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Cox announces members of transition team; says pandemic war is being lost in homes

(Spencer Cox, left, and current Utah governor, Gary Herbert, bump elbows during the press conference in the capitol's Gold Room. Credit: Steve Griffin, Deseret News.)

SALT LAKE CITY – Education, government efficiency and the COVID-19 response. Governor-elect Spencer Cox said those will be some of his top priorities as he moves forward with his newly-announced members of his transition team. 

The official transfer of power will happen Jan. 4, and Cox expects current governor Gary Herbert to actively lead the state until his term ends. In the meantime, Cox announced some of the people who will assist in the transition between the two administrations.

First to be announced was Cox’s new chief of staff, Jon Pierpont, who was the former executive director of the Utah Department of Workforce Services.  Cox also named Jennifer Napier-Pearce, former executive editor of the Salt Lake Tribune, as his new senior adviser and director of communications.

Also named to several transition committees were former Utah 4th Congressional District Representative Mia Love, Salt Lake County Council Member Aimee Winder-Newton and former Utah Department of Commerce Director Francine Gianni.

Lieutenant Governor-elect Deidre Henderson said their administration will always keep education as their top focus. Plus, she said they plan to look at every department of state government to find ways they can increase productivity.

Another one of the biggest areas of focus will be containing the spread of COVID-19.  Utah set another one-day record Thursday, with 2,807 new confirmed cases and 389 hospitalizations.  Despite spiking number of cases, Henderson said she feels state government has done everything it can to contain it.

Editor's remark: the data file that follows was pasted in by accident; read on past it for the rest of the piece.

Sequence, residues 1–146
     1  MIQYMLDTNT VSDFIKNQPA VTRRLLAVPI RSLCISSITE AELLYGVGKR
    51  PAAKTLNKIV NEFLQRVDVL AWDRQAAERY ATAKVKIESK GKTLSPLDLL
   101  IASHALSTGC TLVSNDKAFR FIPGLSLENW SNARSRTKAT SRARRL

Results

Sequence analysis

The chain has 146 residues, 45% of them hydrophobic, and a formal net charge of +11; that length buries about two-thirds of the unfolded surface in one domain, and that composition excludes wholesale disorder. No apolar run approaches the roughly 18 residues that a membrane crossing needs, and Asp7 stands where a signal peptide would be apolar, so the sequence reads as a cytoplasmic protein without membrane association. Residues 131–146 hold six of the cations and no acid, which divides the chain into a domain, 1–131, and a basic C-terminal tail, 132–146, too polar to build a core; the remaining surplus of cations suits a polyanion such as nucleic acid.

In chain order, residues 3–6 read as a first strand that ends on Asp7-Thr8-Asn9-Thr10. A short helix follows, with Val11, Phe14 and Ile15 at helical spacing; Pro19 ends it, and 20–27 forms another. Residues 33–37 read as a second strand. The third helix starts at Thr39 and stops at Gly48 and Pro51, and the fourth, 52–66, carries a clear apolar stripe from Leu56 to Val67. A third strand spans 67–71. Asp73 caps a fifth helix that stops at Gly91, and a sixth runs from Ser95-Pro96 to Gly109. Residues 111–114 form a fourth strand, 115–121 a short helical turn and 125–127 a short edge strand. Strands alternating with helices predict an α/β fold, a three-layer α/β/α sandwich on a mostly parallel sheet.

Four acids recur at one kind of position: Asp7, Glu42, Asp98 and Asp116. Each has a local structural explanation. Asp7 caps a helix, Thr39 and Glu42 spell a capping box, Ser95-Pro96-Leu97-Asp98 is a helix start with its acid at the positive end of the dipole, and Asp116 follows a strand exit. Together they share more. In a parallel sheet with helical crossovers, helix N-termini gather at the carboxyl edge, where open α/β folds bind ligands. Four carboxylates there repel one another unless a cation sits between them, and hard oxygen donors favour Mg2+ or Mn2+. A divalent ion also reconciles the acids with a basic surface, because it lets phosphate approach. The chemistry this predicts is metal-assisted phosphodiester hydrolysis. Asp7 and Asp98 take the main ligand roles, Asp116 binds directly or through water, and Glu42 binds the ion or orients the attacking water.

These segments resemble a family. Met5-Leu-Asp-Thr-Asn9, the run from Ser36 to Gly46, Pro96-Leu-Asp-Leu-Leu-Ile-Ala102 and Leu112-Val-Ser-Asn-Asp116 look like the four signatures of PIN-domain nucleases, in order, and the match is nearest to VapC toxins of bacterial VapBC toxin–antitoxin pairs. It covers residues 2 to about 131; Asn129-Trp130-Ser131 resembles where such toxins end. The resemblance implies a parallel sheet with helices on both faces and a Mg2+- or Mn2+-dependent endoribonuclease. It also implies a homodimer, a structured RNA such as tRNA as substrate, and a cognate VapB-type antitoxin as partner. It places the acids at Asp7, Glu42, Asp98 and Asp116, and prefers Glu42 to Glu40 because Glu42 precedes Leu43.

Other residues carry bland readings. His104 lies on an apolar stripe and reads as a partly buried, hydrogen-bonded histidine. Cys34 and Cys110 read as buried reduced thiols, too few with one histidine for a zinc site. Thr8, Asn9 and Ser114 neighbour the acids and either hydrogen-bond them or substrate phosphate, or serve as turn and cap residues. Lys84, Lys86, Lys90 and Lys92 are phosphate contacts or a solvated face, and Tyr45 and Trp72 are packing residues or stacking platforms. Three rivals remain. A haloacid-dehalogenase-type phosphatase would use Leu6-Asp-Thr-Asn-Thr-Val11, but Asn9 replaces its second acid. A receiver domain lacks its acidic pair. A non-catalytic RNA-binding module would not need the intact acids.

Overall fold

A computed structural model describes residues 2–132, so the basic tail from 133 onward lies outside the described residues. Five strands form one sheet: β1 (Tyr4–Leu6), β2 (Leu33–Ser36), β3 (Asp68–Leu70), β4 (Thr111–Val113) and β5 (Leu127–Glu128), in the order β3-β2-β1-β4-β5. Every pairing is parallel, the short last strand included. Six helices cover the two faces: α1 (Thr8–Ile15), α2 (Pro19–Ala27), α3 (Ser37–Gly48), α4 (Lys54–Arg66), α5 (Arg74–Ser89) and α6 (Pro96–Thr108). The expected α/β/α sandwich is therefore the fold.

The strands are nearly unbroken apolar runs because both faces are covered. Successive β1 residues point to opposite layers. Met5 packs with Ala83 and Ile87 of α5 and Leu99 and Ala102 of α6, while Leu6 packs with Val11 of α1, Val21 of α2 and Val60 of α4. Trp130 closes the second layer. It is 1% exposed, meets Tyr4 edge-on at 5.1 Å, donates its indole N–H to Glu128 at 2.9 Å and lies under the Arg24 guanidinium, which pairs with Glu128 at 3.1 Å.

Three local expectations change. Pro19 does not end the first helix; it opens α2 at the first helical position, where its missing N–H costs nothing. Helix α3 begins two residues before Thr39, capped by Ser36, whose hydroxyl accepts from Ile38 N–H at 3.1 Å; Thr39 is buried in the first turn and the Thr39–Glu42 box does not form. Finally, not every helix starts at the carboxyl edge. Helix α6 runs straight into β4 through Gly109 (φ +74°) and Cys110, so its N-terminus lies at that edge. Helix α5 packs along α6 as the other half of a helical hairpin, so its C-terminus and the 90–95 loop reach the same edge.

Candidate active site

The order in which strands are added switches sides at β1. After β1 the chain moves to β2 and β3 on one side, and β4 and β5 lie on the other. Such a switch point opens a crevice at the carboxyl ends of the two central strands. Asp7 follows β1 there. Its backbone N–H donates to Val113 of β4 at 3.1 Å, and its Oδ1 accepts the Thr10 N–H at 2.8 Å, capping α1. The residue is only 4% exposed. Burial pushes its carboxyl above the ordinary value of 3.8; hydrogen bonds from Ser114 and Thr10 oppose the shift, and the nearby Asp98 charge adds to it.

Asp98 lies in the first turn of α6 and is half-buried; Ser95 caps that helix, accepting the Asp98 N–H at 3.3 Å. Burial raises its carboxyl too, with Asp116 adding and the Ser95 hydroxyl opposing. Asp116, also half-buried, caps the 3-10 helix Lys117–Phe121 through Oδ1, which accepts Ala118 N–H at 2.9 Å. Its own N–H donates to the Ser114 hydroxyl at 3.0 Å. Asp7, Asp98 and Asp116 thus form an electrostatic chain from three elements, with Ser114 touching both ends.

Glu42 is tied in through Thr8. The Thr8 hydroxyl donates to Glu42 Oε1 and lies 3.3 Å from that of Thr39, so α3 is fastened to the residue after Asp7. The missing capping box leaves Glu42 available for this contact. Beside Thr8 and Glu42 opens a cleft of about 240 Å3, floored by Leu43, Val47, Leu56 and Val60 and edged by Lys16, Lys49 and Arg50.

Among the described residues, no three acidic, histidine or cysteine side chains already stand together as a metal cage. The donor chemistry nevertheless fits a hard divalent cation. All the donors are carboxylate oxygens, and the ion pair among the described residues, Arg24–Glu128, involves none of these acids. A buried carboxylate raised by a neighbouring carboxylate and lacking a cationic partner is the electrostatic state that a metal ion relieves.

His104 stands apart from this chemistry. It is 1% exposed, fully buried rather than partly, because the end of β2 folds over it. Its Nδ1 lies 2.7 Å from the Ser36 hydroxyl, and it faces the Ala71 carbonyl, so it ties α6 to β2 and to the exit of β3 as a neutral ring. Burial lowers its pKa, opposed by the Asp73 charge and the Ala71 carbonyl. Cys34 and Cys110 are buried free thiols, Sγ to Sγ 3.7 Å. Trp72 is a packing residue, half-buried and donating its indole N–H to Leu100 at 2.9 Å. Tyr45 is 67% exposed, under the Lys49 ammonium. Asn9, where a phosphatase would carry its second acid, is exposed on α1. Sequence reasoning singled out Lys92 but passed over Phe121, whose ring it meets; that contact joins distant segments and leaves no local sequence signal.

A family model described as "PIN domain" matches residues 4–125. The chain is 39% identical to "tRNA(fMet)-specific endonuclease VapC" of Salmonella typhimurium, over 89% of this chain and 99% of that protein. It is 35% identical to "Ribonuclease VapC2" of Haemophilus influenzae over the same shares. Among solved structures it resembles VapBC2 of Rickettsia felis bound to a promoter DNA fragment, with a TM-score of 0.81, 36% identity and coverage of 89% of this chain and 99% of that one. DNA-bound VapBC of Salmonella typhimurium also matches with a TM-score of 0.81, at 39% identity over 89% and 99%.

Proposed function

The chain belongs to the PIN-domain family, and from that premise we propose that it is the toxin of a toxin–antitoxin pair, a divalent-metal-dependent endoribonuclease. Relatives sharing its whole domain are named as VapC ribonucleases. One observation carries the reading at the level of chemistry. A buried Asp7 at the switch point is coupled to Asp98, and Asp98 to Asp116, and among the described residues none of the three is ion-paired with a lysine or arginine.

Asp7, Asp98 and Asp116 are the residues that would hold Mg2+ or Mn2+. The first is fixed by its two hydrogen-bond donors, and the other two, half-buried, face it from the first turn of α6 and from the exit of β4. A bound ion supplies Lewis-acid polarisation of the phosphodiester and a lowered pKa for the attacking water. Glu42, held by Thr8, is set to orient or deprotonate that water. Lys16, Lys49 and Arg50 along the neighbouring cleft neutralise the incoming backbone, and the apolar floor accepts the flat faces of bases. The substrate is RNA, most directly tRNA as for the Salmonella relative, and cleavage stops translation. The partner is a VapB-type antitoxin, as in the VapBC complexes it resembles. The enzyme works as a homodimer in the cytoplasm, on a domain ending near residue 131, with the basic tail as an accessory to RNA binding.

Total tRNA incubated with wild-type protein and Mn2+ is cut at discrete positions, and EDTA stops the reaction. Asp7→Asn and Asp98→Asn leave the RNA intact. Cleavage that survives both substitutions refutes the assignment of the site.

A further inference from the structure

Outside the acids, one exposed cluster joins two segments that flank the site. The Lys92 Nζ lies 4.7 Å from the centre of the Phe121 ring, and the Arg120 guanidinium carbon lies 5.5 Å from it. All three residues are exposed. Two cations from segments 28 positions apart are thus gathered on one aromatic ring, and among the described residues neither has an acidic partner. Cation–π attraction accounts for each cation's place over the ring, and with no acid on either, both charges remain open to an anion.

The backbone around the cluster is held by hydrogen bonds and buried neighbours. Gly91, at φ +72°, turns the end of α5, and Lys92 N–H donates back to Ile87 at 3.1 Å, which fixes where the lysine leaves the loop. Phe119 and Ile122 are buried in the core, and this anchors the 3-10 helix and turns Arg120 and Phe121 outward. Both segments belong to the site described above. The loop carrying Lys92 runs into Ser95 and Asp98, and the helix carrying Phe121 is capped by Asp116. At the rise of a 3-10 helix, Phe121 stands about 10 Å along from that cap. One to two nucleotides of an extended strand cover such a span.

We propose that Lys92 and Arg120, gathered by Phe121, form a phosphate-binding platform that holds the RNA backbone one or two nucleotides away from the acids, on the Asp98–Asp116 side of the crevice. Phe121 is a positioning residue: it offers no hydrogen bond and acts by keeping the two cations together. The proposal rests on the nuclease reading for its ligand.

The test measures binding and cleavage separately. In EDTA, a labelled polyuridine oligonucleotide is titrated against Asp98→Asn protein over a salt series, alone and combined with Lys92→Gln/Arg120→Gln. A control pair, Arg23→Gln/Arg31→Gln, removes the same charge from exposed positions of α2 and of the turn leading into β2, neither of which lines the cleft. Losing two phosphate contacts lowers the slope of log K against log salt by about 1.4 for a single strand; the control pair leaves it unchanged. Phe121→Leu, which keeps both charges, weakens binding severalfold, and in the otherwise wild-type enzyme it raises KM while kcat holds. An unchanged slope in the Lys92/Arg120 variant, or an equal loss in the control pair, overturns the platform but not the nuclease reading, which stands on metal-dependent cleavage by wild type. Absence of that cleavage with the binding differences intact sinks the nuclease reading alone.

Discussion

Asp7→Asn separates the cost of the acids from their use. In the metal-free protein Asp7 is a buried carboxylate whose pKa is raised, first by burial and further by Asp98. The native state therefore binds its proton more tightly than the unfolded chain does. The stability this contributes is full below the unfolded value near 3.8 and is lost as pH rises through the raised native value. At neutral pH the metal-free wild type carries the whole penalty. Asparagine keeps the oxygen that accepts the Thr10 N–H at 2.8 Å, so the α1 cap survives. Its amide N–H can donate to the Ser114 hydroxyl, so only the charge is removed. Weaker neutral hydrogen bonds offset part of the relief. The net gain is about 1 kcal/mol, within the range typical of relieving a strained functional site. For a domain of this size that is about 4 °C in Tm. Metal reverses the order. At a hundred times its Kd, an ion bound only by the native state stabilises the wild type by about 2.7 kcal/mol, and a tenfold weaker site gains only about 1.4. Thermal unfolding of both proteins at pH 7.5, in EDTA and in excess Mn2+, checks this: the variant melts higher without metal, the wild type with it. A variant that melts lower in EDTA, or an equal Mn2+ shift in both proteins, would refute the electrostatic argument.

“I don’t believe that we have gone in the wrong direction, at all,” she said. 

Henderson contracted the virus earlier this year, and she said that experience shaped how she views the pandemic. 

“Physical distancing and mask wearing is so important,” Henderson said. “It’s not so much about protecting you from the virus.  It’s about protecting other people from you if you happen to have the virus and don’t realize it, yet.”

According to Cox, Utah isn’t losing the battle against the virus on the state level.  He said it’s happening at the family level, with people spreading the virus with others in their homes.  He said people are infecting their loved ones and that’s overwhelming the hospital system.

“This is crunch-time,” Cox said.  “The next two months are absolutely critical.  We are in a dire situation and we cannot emphasize that enough.”

Cox said he hopes to increase both rapid surveillance testing and asymptomatic testing.  He believes if health workers can conduct hundreds of thousands of those tests per week, the state could get ahead of the virus. 

He also expects to beef up contact tracing, and said there could be announcements about that in the near future.  Plus, there’s another item Utah needs to prepare for.

“One of the things we should be focusing on in January will be vaccine distribution,” Cox said. 

Cox said frontline workers and people in Utah’s vulnerable populations will get the vaccine first.